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Saturday, March 28, 2020

Review: Swallow

Director: Carlo Mirabella-Davis
Screenplay: Carlo Mirabella-Davis
Year: 2020

The world of psychological disorders is wider than what any person can imagine unless that person is a professional or a scholar of that area. There are disorders as common as anxiety and post-traumatic disorders and other less known as the obsession for ingesting foreign objects. Pica is the name that was given to the psychological disorder that leads people to ingest non-nutritive objects and its more dangerous form is known as acuphagia, where the ingestion involves sharp objects.

Hunter is a housewife with a relaxed but boring life together with her wealthy husband. When she discovers she is pregnant, the impulse of swallowing foreign and dangerous objects starts growing in her. Once her new behavior is discovered, her husband and family start to watch her closely and Hunter must face the dark secret behind her new obsession. 

Beyond exploring a psychological disorder, “Swallow” explores intrusion and taking control of your life and can act as a metaphor for both concepts. It is not until Hunter discovers that she is pregnant, something that it seems like she didn’t want and can even be considered as the most severe case of intrusion, that she starts having this strange obsession of swallowing objects. For her bad luck, this only brings more intrusion to her life through her in-laws, who have always been more present in their relationship and decisions than necessary.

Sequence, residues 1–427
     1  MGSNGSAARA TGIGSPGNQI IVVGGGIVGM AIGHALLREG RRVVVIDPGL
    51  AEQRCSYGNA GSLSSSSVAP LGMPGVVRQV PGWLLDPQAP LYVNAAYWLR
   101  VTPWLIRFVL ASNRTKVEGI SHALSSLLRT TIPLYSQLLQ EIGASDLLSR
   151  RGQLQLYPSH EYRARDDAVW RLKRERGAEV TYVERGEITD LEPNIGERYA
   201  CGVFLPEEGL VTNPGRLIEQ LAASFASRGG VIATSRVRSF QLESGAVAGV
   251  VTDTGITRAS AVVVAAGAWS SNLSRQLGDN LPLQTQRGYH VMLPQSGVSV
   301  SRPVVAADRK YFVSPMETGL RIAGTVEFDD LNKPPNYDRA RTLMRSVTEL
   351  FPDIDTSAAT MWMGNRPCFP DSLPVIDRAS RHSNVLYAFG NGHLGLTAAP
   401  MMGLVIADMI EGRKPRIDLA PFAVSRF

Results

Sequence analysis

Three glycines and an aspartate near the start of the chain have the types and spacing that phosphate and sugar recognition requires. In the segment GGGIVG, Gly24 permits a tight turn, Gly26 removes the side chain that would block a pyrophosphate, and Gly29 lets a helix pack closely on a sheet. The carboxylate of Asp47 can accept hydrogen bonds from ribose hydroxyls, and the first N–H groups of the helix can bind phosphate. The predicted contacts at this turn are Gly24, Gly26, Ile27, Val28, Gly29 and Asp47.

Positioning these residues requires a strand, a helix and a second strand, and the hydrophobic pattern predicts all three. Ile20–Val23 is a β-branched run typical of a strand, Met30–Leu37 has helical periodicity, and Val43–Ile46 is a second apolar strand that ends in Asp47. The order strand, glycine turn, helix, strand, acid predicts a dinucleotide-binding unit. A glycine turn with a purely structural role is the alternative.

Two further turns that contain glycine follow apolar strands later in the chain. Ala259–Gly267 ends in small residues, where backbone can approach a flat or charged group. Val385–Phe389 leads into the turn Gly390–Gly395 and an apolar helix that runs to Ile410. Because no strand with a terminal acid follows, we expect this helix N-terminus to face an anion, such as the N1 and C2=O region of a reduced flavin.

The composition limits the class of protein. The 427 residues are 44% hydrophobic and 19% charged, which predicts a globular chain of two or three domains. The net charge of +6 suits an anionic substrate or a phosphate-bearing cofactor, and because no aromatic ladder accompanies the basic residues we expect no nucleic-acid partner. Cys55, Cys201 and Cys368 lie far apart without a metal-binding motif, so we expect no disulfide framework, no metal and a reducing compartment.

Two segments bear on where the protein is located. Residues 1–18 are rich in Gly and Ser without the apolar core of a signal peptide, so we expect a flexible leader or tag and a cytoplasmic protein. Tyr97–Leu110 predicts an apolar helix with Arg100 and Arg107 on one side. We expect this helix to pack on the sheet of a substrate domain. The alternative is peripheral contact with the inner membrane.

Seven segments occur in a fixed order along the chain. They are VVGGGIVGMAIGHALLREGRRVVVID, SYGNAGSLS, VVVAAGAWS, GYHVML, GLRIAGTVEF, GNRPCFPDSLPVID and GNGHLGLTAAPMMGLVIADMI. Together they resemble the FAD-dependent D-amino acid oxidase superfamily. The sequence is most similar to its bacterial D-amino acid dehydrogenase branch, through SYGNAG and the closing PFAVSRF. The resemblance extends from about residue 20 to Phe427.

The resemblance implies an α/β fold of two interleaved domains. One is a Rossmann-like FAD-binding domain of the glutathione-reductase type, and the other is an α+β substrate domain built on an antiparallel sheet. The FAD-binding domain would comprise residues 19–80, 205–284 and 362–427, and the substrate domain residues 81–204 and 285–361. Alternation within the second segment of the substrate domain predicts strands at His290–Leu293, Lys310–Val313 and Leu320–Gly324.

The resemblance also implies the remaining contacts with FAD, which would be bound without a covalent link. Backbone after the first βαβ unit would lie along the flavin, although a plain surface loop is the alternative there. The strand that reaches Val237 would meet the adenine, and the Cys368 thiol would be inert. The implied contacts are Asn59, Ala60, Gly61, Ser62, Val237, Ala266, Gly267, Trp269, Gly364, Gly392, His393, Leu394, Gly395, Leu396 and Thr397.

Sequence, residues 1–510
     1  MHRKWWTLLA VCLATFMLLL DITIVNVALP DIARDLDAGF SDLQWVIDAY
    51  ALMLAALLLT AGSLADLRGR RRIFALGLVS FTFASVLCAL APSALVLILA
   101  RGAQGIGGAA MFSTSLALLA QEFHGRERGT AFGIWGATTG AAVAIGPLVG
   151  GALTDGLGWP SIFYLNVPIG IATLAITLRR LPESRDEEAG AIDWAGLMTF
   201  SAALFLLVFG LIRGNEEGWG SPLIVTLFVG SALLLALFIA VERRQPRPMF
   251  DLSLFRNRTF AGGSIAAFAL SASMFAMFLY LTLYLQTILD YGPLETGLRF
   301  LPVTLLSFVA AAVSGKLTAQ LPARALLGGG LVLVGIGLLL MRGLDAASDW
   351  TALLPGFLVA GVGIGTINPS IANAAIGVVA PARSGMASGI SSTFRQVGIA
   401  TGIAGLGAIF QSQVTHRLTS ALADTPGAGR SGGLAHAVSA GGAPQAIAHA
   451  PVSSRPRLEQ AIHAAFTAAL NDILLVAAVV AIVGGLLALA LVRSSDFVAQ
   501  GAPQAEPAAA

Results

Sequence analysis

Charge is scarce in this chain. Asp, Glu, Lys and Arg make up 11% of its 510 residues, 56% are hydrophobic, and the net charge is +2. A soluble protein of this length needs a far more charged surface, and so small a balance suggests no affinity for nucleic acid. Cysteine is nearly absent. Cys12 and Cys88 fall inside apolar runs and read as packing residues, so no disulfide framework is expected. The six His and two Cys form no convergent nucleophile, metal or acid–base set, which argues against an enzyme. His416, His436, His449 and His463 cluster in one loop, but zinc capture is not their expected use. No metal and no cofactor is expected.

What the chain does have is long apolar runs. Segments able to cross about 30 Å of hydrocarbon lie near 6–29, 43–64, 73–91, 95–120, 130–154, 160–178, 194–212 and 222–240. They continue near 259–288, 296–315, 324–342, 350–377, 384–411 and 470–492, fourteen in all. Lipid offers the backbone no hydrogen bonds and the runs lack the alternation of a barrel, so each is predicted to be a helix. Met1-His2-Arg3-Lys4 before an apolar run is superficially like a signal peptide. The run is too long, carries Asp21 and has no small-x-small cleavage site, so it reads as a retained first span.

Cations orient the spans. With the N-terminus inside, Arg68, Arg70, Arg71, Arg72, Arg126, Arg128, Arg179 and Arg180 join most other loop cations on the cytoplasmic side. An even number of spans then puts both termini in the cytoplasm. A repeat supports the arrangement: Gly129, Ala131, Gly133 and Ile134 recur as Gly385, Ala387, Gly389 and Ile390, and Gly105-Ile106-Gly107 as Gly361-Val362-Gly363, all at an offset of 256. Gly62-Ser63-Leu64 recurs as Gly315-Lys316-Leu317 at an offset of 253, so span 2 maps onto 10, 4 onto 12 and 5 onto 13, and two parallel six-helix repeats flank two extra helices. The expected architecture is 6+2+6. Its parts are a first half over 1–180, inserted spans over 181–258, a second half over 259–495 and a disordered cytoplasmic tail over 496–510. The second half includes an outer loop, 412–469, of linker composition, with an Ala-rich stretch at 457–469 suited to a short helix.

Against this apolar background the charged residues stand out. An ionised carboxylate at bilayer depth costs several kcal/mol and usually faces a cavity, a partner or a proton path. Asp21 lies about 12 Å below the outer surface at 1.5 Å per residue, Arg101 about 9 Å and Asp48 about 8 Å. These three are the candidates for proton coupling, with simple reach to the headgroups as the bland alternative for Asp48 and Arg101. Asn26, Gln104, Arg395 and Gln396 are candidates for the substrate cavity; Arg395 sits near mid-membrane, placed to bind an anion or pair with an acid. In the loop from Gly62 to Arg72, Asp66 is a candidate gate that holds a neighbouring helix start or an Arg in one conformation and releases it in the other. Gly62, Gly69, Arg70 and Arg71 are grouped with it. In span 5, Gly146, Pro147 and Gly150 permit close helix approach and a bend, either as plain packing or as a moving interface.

Carlo Mirabella-Davis, in his first full-length feature as director and screenwriter, latches into the show-and-don’t-tell rule and finds in Haley Bennett (“The Girl on the Train”) the perfect medium to achieve it. Bennett’s interpretation is excellent and always convincing in the message she wants to send and in representing everything that goes through the protagonist's head, especially one with such a strange condition. Particularly, she is able to convey the emotions of her characters, them being psychological or physical and this is of great importance in the character development, as well as in the outcome of the movie.

“Swallow” also surprises with its cinematography and artistic value in general. Mirabella-Davis decides to lay his dark plot on top of a rich color palette juxtaposed with the mental condition of the protagonist. He also excellently uses tempo to move the plot at a good rhythm, at the same time that he creates enough suspense in the most uncomfortable scenes and with little he can say plenty.

“Swallow” is the impressive debut in a full-length feature of writer and director Carlo Mirabella-Davis where he showcases his great talent for storytelling, backed-up by the equally impressive acting of Haley Bennett. My only critique is that, even with how dangerous pica and acuphagia conditions can be, “Swallow” instead of a horror movie, as it has been classified, plays like a psychological thriller. However, the plot, its artistic value, and the awesome interpretations make this an excellent movie in its genre.

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